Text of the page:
I pray constantly that others will learn to understand the hell that a clinically depressed person lives with each and every day. This lack of understanding causes such a stigma about mental health problems.  If we look at the many problems in today’s world, we can easily see that we need to do more concerning mental health.

It’s not that we’re just sad. It’s not that we just don’t want to go out and play today. It’s that we can’t. We struggle each and every day to just get out of the bed. We struggle to just go to the corner store. We struggle each and every time we are forced to communicate with others. And we struggle with ourselves constantly because we don’t want to be this way. We don’t want others to fix us. We just want others to love us and not judge us. We want to be just like you, but don’t know how. We just want to love ourselves. But, we don’t.

Pray for those who suffer.  Let them know that you love them.  Be there.  Just be there.  

I will miss you, my friend.  I’m sorry I was not there for you.

 

Author: alightatthetopofthehole

A mother, a grandmother, a retired teacher, a sister, a daughter, a friend, and a troubled soul. A woman working on understanding her depression and finally overcoming the feelings of inadequacy, emptiness, failure, and not being whole.

4 thoughts on “Depression Has Won Another Fight”

  1. I was there once, Betty, after my third son was born. It came out of nowhere and I was overwhelmed with symptoms.
    I thought it would soon pass and that it was just post baby blues as the doctors say. Well, the days went into weeks and months. I could not eat and woke early to the same dark cloud looming over my life. I had a husband, two young boys and a baby to care for and I could not care for myself.
    I thought of just running away or suicide because of the despair.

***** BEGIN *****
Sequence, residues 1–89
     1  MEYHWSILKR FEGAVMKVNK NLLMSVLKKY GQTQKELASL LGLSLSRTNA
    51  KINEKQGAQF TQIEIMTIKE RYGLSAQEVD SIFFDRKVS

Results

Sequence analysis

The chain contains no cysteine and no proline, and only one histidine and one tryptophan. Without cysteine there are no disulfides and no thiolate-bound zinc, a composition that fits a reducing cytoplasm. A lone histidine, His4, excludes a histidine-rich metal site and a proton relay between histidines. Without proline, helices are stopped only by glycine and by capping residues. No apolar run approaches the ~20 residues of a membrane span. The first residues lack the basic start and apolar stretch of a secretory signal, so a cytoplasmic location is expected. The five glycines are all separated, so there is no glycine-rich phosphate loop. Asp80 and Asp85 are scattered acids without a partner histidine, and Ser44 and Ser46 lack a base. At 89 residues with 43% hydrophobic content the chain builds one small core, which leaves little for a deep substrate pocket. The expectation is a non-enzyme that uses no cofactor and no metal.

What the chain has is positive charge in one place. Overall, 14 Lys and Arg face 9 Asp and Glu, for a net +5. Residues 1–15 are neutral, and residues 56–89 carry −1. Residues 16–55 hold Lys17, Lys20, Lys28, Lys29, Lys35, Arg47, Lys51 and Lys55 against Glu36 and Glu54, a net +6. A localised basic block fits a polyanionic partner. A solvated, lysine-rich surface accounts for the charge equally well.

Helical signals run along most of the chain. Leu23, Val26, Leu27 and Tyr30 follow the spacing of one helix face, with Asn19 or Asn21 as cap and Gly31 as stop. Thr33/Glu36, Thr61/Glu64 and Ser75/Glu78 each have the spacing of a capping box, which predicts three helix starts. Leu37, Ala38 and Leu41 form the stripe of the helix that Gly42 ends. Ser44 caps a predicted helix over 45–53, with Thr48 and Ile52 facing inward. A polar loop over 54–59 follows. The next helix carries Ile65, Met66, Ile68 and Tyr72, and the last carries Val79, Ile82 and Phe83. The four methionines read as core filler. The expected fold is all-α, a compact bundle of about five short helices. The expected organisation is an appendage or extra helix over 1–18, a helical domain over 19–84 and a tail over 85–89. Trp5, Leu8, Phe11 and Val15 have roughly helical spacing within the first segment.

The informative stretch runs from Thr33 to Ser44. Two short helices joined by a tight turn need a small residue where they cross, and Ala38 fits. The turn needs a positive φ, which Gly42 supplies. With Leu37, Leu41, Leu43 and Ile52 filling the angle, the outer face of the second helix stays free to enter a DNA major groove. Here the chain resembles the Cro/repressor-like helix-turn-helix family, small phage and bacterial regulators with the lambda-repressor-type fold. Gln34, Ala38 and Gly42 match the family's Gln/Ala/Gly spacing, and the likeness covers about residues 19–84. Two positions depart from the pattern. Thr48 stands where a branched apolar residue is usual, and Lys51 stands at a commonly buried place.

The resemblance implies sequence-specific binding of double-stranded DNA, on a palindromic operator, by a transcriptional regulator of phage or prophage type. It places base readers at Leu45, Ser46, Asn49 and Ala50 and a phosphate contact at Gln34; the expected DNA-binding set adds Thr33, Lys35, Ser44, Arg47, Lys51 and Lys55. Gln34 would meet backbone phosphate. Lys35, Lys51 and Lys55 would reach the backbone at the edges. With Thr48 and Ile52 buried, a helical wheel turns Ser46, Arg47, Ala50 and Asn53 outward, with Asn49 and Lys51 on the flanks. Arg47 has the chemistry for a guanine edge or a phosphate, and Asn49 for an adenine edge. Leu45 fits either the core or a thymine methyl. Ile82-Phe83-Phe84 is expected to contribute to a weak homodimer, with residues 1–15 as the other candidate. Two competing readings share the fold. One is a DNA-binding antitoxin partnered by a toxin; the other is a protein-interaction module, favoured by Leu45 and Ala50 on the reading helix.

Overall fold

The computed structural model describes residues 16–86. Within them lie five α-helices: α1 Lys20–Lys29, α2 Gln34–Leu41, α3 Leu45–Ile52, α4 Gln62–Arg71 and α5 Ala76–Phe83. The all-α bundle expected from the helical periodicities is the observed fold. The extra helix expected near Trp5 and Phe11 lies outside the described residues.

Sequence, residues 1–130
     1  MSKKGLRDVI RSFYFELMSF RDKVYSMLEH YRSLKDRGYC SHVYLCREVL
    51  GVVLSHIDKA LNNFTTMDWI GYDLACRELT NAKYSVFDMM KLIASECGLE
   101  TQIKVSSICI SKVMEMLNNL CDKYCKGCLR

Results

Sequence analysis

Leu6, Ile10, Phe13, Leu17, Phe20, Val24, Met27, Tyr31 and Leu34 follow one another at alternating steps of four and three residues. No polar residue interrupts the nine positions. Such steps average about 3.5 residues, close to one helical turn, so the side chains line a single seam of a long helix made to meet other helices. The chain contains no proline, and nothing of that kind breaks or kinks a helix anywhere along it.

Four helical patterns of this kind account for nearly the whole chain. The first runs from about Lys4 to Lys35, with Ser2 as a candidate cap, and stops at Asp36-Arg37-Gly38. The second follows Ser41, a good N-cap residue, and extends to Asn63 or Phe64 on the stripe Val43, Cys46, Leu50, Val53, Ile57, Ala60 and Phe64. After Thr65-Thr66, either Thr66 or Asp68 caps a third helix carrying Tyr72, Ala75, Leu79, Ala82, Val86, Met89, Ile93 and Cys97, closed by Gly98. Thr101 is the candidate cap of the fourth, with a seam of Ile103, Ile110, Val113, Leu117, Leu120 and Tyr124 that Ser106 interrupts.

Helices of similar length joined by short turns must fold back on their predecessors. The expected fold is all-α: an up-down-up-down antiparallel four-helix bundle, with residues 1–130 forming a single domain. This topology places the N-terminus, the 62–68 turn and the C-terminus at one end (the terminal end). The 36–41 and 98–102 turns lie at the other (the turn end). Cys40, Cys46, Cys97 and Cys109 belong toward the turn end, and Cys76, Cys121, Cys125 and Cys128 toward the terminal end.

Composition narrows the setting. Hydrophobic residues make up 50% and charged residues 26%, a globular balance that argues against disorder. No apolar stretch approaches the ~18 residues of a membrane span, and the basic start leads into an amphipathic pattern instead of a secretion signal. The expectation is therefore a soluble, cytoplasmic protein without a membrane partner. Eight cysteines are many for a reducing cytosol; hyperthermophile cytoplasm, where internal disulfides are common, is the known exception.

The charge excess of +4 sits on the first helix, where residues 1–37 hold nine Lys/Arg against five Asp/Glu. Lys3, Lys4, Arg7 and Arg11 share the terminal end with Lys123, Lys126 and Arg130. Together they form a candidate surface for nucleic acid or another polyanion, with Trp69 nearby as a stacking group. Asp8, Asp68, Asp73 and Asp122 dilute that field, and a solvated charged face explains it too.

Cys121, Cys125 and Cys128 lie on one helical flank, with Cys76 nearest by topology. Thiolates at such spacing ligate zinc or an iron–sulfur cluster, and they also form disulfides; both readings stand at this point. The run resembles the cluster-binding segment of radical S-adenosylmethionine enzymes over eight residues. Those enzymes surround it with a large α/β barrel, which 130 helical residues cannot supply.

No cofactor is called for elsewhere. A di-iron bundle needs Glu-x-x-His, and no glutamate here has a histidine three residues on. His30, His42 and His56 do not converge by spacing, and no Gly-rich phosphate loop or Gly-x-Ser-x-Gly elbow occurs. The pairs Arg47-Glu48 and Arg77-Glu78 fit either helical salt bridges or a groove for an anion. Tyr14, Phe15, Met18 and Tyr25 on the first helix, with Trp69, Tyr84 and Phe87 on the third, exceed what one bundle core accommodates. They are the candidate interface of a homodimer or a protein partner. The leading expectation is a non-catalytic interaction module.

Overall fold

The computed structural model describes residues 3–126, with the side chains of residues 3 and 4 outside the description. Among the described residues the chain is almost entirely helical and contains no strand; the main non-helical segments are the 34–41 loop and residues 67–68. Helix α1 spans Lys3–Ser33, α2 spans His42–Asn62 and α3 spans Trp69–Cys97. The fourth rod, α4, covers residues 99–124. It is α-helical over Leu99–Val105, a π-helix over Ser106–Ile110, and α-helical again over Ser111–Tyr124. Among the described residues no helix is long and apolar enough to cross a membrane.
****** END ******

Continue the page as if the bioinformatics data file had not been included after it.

I made an appointment to see my OB/GYN, he was so kind and gentle, and told me that he was not going to allow anything to happen to me. He gave me an antidepressant and told me it would take, sometimes, as much as two weeks to work. I thought, at last I have hope.
    Well, days went by and I felt the same terrible darkness surrounding me. I had been praying for relief, but I heard nothing from GOD, not that HE wasn’t there and listening, but I knew soon why.
    For fear of my life, I went to my pastor at that time who has long passed on to Heaven, and told him my plight. I told him I had been praying and was on medication, but nothing I did was giving me the relief I needed. He asked me if I had been saved, to which I answered yes, I knew that for sure and he asked if he could pray for me and then he wanted me to pray for myself.
    The most miraculous thing happened to me that day, immediately the dark clouds were gone and my heart was renewed. Praise GOD for HIS gift of healing.
    Never since have I been in that dark place, that dark, deep hole I couldn’t get out of.
    I have told about that trial many times as a testimony of how great GOD has been to me and pray that it will help others somehow.
    I love you, Betty, I’m so sorry for the death of your friend. May GOD grant you the peace and comfort and healing you need.
    Your friend

    Liked by 1 person

  2. Hey Ms. Betty. I’m so sorry for your loss. Life is just so very hard. Guess you saw my “Ambien post” as Roseanne would call it the other night. I thought about removing it, but then decided to hell with it, some people need to get their heads out of their asses and actually see what’s happening to their family and friends.
    Sending you my love & you’re always in my prayers.
    Never stop posting, you lighten my heart. Now I guess I need to check on my brother, I think his head is stuck 😉

    Like

    1. Yes, sweetie, I saw your post and was saddened. I hate to think that you struggle and that others don’t understand. But, unfortunately, for now, that’s our lives. So many people — out there — have no clue as to the pain and hurt and sorrow and struggles that are part of us. I pray that one day they will see it and understand. Until then, just do your best, keep trying, and keep praying that one day they will understand. And know that you mean an awful lot to me. After all, you were one of my first “babies”, my first students when I began my teaching career and I love that I am still a small part of your life. I’m here for you if you need me. Love you!

      Like